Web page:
The concept of things seeming right versus being right has indeed popped up in Mr. Allen’s films before. But Whatever Works might be the only film that so plainly and deeply examines it. At the start of the film, Boris looks around at his comfy life, his just-right uptown apartment and appropriate spouse, and realizes he feels miserable and trapped enough to die (something he manages to fail at, too). He trades it all in for a ratty bathrobe, teaching chess and holding forth in cramped coffee shops—often while looking straight into the camera and speaking to the audience directly. Yet happiness is lurking for him, even if he doesn’t know it, in the most unusual of places.
“This happens all the time,” said Mr. Allen. “You meet somebody, you have a relationship with that person, and, on paper, it just seems completely logical and right and it is right, and yet for some inexplicable reason, you go and gravitate toward the person who is consummately wrong for you, and makes your life into a hell. And that still attracts you more. And had you settled for the person who was right on paper, you indeed would not have been happy.”
Back in Los Angeles, Larry David considered the “whatever works” philosophy as it might apply to him (in fact, he took a night to think about it before phoning The Observer back with his thoughts).
“Even though something might be right on paper, it doesn’t necessarily mean that it will work,” he said. “Whereas something very odd on paper could be perfect, and something about that person makes you feel good. That’s the most important thing,” he said. “Usually for me, those are the first people I reject. The ones that make me feel good. Why should I feel good when there are women who can’t stand me and whom I can’t be myself around? Those are the ones I want.”
This sort of sentiment is exactly what we’d expect to hear from Mr. David on Curb Your Enthusiasm, where he plays a bizarro version of himself. But consider this: If that persona, the one we think we know (“What I’m playing on TV is not really me,” he said. “Although I’ve said many times that I wish it was”), is now, in Whatever Works, playing yet another cinematic version of Woody Allen, we’re now into Lost-levels of confusion when it comes to the line between performer and reality. Where are we? Is Boris, with his crushing anxieties and disgust with the human race, a representation of the director himself?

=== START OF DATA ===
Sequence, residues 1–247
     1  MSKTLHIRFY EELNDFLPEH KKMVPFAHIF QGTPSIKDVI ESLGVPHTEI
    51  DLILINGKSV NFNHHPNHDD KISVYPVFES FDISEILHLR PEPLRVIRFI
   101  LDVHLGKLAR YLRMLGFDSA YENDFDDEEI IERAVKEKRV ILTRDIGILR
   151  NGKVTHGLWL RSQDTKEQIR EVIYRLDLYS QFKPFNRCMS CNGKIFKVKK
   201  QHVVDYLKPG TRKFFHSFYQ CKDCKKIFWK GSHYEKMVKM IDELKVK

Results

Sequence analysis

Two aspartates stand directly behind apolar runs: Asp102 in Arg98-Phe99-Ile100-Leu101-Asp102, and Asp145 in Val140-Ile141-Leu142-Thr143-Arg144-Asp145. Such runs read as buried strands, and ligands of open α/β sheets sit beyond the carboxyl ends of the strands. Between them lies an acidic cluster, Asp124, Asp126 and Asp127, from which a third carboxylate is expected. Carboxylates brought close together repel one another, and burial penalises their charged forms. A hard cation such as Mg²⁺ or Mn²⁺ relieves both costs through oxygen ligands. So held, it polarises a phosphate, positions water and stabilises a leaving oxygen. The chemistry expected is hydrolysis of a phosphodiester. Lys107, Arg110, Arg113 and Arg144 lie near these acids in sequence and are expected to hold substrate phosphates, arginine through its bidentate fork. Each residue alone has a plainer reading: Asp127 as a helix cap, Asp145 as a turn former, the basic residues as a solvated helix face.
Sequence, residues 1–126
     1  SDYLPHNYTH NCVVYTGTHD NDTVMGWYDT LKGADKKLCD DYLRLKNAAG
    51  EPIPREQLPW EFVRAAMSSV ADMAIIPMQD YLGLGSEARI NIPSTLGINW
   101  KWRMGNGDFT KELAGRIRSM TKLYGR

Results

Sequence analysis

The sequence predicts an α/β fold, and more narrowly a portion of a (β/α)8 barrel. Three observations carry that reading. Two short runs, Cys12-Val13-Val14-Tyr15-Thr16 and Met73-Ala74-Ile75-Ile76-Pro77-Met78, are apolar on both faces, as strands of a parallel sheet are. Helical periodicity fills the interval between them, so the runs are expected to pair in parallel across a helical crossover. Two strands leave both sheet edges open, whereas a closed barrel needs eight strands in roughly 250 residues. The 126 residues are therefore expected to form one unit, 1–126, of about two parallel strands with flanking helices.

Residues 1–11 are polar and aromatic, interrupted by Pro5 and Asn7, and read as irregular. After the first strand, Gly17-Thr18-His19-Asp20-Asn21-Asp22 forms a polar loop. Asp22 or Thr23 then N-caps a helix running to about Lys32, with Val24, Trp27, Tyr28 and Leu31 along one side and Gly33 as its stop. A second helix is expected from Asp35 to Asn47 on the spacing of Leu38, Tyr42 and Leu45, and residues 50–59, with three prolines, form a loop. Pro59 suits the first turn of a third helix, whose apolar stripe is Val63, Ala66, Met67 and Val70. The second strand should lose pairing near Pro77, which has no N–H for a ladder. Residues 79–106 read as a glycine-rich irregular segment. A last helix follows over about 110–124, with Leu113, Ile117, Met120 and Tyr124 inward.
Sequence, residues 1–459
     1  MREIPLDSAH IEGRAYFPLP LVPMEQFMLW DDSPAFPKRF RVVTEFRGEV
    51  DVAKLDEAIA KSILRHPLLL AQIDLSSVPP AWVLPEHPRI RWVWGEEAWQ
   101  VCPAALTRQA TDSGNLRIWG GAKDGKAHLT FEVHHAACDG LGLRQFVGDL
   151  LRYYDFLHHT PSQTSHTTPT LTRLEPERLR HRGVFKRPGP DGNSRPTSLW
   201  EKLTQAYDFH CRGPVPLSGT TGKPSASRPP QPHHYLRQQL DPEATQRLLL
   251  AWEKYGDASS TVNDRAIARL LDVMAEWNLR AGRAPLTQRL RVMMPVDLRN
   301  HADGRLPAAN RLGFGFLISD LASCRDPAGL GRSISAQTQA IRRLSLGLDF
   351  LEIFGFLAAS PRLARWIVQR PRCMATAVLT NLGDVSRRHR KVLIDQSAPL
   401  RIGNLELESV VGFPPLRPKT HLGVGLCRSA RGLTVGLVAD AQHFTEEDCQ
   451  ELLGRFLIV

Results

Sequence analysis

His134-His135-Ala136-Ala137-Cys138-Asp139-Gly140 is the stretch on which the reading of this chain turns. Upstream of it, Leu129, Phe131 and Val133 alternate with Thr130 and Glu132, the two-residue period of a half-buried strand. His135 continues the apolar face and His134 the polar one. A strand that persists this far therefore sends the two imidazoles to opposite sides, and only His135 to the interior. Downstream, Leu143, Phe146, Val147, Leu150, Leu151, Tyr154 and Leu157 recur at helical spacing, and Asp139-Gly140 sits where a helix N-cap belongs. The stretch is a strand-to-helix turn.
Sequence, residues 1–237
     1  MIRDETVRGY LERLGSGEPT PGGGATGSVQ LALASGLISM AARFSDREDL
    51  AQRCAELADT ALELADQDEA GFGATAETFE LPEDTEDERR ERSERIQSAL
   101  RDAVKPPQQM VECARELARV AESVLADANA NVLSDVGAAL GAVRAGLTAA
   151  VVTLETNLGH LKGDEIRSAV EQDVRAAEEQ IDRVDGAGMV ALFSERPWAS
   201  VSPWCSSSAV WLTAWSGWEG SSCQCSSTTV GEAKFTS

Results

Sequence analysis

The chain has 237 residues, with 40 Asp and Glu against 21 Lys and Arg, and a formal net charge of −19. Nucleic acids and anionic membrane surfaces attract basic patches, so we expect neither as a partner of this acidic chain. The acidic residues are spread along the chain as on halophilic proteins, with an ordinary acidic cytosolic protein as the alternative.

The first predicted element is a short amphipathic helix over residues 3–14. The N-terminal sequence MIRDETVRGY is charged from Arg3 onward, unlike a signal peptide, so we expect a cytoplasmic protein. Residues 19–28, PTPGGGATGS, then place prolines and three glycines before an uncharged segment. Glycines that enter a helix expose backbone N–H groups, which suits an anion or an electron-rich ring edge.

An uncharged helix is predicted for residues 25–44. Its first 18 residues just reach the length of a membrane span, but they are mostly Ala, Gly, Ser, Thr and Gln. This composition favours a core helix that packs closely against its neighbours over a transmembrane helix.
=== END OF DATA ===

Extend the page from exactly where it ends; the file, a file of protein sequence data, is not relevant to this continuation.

“I don’t know Woody that well, but it’s pretty obvious it’s at least a bit of some of who Woody is,” Mr. David said. “He must have seen something in me to make a passable stand-in for him.” Mr. David said he had brought Annie Hall home recently for his 14-year-old daughter to watch. “She couldn’t get through it because [Woody’s character] reminded her too much of me. She can’t watch me, either. As far as I know, we’re the only two people she’s said that about.”
ONE COULD SPEND hours listing the similarities between Mr. Allen and Mr. David (both New York–born, outer-borough Jewish comedians with wicked dark streaks, a certain amount of performative self-hatred plus self-regard, sharp pens, significant intellectual chops and even sharper tongues), but the differences are more interesting. For example, though both men may be called pessimists, the ways in which they are pessimistic are quite contrary.
“I think [Woody’s] probably more of a pessimist about the big picture,” Mr. David said. “The hopelessness, meaninglessness of it all—the blackness of eternity—those questions. Whereas I suspect I’m probably more pessimistic about the smaller things: The relationship won’t work out, Obama will lose, the Yankees will lose, the movie will bomb—things like that. People won’t watch ball games with me because I’m so pessimistic. I’m no fun to be around.” (But what happens when Obama does win? “I know! My whole world goes topsy-turvy. I still can’t believe it,” he said.)
Case in point, perhaps, was Mr. Allen’s response to what The Observer had felt was a pretty straightforward happy resolution in the film. “I’m always so didactic in everything I do, and so heavy-handed, I wanted it to be clear that even though it was a happy ending, we all still remain in this dreadfully tragic predicament, and a tragic life, and that the story did end with a certain amount of temporary happiness,” he said. Um, really? “I did want to portray Larry’s take on life as closer to reality than other people. He might seem like a complainer, a malcontent, like a misanthrope, a cynic, a nihilist—whatever words you want to impute to him, but there’s a great deal of sad truth to his perceptions. And I wanted to make that very clear at the end of the movie.”
Larry David laughed when later told of his director’s assessment. “I think generally it feels that there are moments of joy, but at the bottom it’s doom and gloom. O.K., so there’s a big pool of doom and gloom and every now and then you can swim up to the surface like a dolphin and get some joy and then you go back under.”
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